Are Downmarket Luxury Carmakers Oxymorons?

Robert Farago
by Robert Farago

Back in the day, a discerning motorist rocking-up in a Mercedes Benz 300 SEL 6.3 was in no danger of encountering an equally-horsed "baby Benz." These days, the power-crazed pistonhead can purchase a 6.3-liter engine in any one of seven Mercedes body types. And while I'm sure an S-Class sedan has some fancy gizmos you can't buy in a C-Class, I'm not sure they're worth mentioning. But Mercedes' and its luxury competitors' slink downmarket IS worth examination. Are volume sales a form of luxury brand suicide?

I reckon the whole thing started with "feature creep." And why not? Why shouldn't a reasonably-priced car offer dual-zone climate control, satellite navigation, leather seating and a fine engine? If customers are willing to pay extra for their pleasure, why not sell it to them? And it was only natural for luxury brands to see the trend as a golden opportunity to reach down, add a little "prestige" to the mid-market mix and bank some big bucks. And so they did.

While Mercedes and Lexus had the longest journey down from their mechanical Mount Olympus, Audi and BMW quickly joined the corporate colossi's mass market migration. All four brands found riches refashioning their upmarket cachet into more affordable packages. Today, Americans can buy a Mercedes-Benz for $31,975 (C300), an Audi for $25,340 (A3 2.0T), a BMW for $33,175 (328i, soon less for a 1-Series) and a Lexus for $30,790 (IS250).

There is, of course, a flipside to this "downward line extension." Call it the Groucho Marx effect. Just as the legendary comedian "wouldn't want to join any club that would have me as a member," consumers in search of brand cachet tend to shun products that are widely available. Examples of companies producing upmarket and/or trendy goods that bet their life on the mass market and lost, abound– especially in the automotive arena.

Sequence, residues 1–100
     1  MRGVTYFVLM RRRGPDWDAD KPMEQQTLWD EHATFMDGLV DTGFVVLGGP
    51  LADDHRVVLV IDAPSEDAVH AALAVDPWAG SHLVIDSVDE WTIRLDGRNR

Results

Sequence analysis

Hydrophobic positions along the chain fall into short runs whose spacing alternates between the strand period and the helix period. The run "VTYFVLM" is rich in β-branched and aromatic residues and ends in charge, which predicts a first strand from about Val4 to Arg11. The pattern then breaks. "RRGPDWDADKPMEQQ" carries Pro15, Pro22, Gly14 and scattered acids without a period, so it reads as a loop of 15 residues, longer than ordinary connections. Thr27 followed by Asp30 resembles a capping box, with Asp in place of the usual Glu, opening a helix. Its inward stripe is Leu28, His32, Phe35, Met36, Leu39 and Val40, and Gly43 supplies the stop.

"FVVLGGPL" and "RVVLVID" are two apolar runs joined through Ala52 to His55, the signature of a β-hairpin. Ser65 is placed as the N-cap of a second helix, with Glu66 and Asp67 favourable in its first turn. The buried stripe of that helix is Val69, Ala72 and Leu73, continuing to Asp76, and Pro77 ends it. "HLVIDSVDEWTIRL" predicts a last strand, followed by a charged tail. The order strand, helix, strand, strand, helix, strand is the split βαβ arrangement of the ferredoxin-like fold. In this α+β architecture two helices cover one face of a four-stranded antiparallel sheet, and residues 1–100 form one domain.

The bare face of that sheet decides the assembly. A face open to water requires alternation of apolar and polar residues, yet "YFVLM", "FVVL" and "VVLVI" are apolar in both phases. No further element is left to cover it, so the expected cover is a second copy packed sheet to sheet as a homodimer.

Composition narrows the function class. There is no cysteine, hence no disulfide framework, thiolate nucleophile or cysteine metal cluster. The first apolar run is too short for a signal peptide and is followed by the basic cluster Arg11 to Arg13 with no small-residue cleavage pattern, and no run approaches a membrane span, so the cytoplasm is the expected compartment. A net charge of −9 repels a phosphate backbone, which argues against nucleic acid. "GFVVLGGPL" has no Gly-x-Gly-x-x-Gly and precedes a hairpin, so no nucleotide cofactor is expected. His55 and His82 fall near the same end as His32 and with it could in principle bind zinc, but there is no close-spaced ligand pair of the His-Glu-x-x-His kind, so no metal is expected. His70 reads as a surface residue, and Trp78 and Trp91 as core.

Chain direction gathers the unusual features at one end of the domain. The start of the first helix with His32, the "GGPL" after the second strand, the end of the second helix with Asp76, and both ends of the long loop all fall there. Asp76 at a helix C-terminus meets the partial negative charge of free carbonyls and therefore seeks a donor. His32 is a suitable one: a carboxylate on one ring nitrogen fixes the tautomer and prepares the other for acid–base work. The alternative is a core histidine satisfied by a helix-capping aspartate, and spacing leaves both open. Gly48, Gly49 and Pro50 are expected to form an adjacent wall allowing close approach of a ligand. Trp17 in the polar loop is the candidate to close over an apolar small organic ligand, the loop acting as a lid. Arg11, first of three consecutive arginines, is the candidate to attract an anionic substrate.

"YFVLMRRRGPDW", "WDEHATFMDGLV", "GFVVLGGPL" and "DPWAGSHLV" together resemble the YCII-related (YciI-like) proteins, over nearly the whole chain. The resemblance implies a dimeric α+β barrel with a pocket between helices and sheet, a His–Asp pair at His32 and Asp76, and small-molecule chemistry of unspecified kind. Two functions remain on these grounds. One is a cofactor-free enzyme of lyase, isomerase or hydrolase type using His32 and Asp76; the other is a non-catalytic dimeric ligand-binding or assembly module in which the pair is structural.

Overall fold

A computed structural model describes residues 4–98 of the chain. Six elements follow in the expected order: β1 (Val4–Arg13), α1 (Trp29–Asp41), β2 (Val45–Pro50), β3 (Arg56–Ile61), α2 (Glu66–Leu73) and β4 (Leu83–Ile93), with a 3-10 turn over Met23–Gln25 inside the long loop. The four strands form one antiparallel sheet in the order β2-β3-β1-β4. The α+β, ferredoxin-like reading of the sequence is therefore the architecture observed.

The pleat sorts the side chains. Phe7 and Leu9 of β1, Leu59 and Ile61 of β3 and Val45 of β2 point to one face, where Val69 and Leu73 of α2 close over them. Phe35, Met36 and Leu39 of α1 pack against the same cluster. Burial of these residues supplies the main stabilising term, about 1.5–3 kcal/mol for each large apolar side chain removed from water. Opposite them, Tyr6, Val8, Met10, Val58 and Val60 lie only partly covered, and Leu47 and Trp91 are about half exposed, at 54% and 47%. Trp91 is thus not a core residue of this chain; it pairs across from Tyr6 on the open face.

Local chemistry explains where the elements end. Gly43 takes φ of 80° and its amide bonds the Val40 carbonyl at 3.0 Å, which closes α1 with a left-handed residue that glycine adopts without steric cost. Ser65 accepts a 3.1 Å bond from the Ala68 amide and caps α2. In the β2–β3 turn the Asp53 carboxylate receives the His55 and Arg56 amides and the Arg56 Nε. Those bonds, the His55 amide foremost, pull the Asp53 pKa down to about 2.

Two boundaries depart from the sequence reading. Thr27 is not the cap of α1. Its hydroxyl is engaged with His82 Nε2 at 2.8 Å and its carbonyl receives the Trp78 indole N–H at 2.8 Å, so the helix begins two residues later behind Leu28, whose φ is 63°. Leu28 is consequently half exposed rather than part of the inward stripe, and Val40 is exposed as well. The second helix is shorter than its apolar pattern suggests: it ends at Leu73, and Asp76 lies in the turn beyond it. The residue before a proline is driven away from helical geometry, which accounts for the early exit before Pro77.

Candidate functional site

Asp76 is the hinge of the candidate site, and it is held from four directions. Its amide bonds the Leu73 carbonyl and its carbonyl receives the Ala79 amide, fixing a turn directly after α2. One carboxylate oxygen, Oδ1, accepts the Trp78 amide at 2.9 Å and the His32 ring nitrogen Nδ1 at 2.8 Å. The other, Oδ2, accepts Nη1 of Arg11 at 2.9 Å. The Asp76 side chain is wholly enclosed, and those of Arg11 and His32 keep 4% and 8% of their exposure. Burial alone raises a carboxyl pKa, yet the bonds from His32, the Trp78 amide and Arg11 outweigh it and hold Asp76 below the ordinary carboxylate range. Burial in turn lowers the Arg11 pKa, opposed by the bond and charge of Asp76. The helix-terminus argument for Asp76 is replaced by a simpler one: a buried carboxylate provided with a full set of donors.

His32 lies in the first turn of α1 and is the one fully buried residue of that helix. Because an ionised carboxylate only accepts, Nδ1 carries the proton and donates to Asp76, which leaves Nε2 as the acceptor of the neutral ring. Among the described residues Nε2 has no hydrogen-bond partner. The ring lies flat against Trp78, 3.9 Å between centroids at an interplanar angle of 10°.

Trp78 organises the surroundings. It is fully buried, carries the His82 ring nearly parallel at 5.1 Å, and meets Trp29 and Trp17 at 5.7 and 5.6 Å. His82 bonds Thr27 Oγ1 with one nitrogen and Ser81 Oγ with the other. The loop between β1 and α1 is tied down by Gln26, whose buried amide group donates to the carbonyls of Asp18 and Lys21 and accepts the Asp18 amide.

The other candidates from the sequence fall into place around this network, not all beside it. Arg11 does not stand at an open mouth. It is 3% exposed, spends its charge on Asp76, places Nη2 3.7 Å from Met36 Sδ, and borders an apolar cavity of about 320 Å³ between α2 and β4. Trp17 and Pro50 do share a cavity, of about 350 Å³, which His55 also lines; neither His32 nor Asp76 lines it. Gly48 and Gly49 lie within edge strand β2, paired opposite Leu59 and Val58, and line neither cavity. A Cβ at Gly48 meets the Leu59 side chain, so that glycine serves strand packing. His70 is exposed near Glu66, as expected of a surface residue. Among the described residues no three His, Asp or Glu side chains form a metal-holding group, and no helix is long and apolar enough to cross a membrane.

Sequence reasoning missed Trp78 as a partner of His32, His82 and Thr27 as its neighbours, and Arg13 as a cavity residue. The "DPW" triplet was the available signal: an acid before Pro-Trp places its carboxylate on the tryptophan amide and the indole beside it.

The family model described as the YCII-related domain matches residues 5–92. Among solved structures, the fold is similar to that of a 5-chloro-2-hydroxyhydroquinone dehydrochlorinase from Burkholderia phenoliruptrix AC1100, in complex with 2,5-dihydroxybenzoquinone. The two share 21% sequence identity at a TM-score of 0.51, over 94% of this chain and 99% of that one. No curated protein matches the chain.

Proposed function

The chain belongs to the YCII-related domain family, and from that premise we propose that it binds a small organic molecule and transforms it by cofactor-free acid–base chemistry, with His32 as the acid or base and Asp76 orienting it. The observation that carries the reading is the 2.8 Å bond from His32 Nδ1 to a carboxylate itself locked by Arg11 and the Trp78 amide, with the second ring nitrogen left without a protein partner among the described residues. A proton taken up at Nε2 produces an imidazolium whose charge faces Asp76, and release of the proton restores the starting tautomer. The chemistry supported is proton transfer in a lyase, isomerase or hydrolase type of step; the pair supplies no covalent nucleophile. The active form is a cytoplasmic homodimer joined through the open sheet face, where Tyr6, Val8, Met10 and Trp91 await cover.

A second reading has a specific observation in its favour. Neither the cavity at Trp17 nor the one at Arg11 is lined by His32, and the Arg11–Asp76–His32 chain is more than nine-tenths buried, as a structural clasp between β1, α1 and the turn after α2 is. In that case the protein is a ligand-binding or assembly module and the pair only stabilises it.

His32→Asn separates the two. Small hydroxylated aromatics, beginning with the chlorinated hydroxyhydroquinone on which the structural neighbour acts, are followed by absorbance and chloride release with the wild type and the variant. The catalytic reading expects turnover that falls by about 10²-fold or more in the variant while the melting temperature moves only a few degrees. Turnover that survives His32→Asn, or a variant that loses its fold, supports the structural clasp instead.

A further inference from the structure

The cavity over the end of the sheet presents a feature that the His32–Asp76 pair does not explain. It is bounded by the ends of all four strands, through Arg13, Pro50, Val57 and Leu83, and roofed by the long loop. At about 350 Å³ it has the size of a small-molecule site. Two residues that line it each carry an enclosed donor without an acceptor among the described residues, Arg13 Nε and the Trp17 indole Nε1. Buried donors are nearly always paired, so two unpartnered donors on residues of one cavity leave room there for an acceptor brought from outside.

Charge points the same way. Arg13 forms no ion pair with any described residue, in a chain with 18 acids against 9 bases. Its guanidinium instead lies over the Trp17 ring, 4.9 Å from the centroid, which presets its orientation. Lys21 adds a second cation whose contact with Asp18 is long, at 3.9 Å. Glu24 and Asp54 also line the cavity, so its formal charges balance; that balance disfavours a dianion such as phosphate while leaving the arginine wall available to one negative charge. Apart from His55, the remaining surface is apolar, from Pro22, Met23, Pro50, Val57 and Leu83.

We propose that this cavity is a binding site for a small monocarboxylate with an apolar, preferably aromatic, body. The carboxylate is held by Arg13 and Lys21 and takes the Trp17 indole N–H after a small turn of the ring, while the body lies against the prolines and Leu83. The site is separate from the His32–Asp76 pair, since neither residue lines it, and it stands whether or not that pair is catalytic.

Today, you can buy a Cadillac for $32,500 (CTS), a Jaguar for $34,995 (X-Type 3.0), a Lincoln for $29,305 (MKZ) and a Saab for $26,995 (9-3). That's before discounts. Discounts that reflect the fact that these formerly upmarket brands have squandered their allure to the point where their dealers wish their inventory had ten foot pole marks on it. For these former luxury car playas, moving into the mass market signaled the beginning of the end.

So how have the luxury Gang of Four avoided the same fate? You could argue they haven't. Their current success may be sewing the seeds of their eventual destruction. Perhaps Audi, BMW, Mercedes and Lexus' sales embody former NBC Prez Bandon Tartikoff's "Least Objectionable Theory of Programming." In other words, their products are popular simply because they're less bad than the other guys'.

Alternatively, you could say these companies make damn fine automobiles. Suggesting that the average car buyer is savvy enough to recognize and appreciate a given model's adherence to its maker's brand values may be something of an intellectual leap, but there's no doubt that the lowest priced U.S. Mercedes still has a certain "Mercedes-ness" to it. The other marques are equally unmistakable.

That said, these luxury brands' bean counters have severely stretched their products' DNA. Merc's bank vault gestalt took an enormous hit over the last twenty years. Bimmer's SMG gearbox, iDrive multi-media controller, run-flat tires, SUV and dumbed down steering are a worrying divergence from their Ultimate Driving machine ethos. The aforementioned Lexus IS' harsh driving dynamics bear scant resemblance to their magic carpet LS flagship. Only Audi creates a range of automobiles with brand-faithful consistency.

George Petersen of Autopacific consultants provides the bottom line: "Entry-level luxury cars need to demonstrate the capability of their brand–just as the more premium entries do." As the unforgivable Cadillac Cimarron and execrable Jaguar X-Type proved, a fancy badge can't compensate for product malfeasance. In fact, a lousy mass market line extension is the worst of all possible vehicles. It kills a brand's value for both financially-challenged aspirants and the well-heeled brand faithful.